I’ve been writing since I was a child. There are boxes in closets full of my pony stories. I made the big leap to writing a novel that other people were actually allowed to read after blogging for a few years and getting a thick enough skin to know I could take the pressure and criticism.

Do you write full time?

I did for a bit, but now I also have a travel business. Writing novels doesn’t pay reliably from month to month, and I’m not an eight-hour-a-day writer at all. I tried  magazine work but I didn’t love it. I am very passionate about travel, so I am a concierge and travel planner with Glass Slipper Concierge, which specialises in Disney destinations. I also do some equestrian travel, like Kentucky Bluegrass tours, but I worked for Disney for many years and it’s a subject I know better than most! I enjoy closing a manuscript to work on someone’s Disney vacation or to write a blog post about cruising… the change is nice and it freshens my mind for the next writing session.

What inspires you to write?

Things that outrage me. Things that amaze me. Memories. Thoughts of the road not taken. Curiosity about people’s choices. Imaginary people in my head. I never expected that the characters in The Head and Not The Heart would take up residence in my head and live their own lives, but I think about them every single day, so I almost have to write about them.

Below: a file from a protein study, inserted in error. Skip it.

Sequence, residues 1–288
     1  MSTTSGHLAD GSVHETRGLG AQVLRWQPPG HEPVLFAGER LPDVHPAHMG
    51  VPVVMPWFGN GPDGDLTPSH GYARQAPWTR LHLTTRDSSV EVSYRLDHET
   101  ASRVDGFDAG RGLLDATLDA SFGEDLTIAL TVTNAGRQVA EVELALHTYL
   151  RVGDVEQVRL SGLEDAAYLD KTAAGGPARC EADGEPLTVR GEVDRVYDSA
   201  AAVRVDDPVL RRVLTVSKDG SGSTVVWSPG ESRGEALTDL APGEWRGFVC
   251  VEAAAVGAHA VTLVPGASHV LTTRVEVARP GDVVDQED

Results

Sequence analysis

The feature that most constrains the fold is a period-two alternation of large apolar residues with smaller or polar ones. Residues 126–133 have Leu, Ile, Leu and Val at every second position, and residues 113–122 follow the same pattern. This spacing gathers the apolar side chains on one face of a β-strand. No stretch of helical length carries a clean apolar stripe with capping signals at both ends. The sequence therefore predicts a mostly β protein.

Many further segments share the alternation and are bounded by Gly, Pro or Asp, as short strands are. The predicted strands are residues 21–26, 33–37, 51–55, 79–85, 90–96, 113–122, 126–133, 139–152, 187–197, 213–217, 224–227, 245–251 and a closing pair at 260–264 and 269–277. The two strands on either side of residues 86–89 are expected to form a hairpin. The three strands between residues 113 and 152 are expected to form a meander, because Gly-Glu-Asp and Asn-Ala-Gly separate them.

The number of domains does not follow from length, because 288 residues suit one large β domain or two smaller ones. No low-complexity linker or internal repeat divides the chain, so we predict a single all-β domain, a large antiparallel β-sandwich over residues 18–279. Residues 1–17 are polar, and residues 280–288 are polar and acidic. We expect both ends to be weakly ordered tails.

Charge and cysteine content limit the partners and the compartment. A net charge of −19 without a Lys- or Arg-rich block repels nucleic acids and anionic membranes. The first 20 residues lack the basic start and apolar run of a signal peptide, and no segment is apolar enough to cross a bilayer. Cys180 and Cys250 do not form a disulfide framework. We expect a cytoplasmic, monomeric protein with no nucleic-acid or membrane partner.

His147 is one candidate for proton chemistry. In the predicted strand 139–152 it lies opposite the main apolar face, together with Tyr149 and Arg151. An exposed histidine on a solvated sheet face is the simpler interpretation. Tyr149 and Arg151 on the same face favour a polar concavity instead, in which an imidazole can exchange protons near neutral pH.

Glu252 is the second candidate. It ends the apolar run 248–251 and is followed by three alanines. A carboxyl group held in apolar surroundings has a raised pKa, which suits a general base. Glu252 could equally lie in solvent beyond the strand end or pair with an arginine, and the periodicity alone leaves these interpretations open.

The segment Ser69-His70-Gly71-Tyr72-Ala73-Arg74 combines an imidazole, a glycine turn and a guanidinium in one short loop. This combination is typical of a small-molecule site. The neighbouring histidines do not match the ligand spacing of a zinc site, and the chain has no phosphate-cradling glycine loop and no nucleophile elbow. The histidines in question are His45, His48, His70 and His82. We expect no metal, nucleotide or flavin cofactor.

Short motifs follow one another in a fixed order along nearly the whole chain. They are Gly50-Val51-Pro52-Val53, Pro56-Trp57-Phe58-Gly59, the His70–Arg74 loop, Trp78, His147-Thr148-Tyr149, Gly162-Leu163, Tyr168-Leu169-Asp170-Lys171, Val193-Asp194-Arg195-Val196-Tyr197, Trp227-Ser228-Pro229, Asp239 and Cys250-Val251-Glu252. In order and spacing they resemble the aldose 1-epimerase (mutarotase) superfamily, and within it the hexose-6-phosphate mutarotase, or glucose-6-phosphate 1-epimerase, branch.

What advice would you give to aspiring writers?

Write until you have something can read aloud to an audience without cringing. Or to your significant other. Or to your mother. And your writing is only as good as what you’ve been reading. Take careful stock of your reading choices. Don’t read candy when you’re trying to write caviar.

How do you keep motivated?

I think appreciation from fans and reviewers has a lot to do with it some days. There are so many things I can do with my day that are easier than writing. I really had to quit working at the racetrack to finish The Head and Not The Heart. I had to make myself focus by having nothing else to fall back on.

Is it still easy to come up with stories?

It’s very easy to come up with stories. It’s much harder to turn them into novels. It’s all that middle-bit that’s tricky.

How do you deal with writer’s block?

I drink some wine, I do something else, I go to a cafe where I am shamed into working because if I open Facebook everyone else will see that I’m the girl sitting in the cafe looking at Facebook. To be precise I don’t get writer’s block – you can always write something – but I do suffer from everything-I’m-writing-is-awful.

How do you write – ie do you plan a book carefully, or just sit down and let it pour out?

I outline. When I was younger I made a big deal out of how creative and wonderful I was and I couldn’t be hampered by an outline, but when I was younger I never finished anything either. I’ve really learned my lesson with outlines. Anytime I go on a tangent, I tend to cut it out in a subsequent revision.

How do you celebrate when you have finished a book?

I don’t write anything for a day or two, and then I feel tremendously guilty and I start working on another project. I have so many drafts of novels, even if I didn’t have another idea for a story for years, I’d be able to put out a novel a year for the next decade. I have no excuses to not be writing.